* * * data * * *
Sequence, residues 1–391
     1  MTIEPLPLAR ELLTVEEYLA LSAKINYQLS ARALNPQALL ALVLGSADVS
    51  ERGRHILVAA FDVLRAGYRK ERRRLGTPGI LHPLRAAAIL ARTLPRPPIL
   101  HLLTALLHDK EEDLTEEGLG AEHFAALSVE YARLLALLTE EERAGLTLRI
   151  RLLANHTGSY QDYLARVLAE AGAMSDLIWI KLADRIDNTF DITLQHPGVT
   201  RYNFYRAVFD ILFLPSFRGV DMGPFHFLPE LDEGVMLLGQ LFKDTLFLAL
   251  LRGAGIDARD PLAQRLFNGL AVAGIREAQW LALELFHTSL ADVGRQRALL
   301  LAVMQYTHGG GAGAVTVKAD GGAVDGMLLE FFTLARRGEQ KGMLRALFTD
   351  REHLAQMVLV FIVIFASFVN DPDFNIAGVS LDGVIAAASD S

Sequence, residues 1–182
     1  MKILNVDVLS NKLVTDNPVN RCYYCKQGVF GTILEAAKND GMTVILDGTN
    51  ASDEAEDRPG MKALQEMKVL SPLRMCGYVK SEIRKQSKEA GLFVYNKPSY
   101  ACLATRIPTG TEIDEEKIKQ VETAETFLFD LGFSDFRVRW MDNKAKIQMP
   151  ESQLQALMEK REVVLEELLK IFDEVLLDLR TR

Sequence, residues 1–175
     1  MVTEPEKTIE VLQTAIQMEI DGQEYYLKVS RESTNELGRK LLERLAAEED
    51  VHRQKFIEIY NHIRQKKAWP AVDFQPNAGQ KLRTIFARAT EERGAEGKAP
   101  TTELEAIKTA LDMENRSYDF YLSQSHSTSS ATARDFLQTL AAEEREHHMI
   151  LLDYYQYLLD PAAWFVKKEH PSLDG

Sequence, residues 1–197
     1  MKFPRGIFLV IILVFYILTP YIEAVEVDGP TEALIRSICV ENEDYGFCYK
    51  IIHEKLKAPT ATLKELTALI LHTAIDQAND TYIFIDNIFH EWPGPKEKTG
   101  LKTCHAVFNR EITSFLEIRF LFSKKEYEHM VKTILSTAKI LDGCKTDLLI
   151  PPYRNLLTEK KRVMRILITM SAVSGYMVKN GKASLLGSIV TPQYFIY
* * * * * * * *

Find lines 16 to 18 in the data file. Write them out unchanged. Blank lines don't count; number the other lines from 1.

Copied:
     1  MVTEPEKTIE VLQTAIQMEI DGQEYYLKVS RESTNELGRK LLERLAAEED
    51  VHRQKFIEIY NHIRQKKAWP AVDFQPNAGQ KLRTIFARAT EERGAEGKAP
   101  TTELEAIKTA LDMENRSYDF YLSQSHSTSS ATARDFLQTL AAEEREHHMI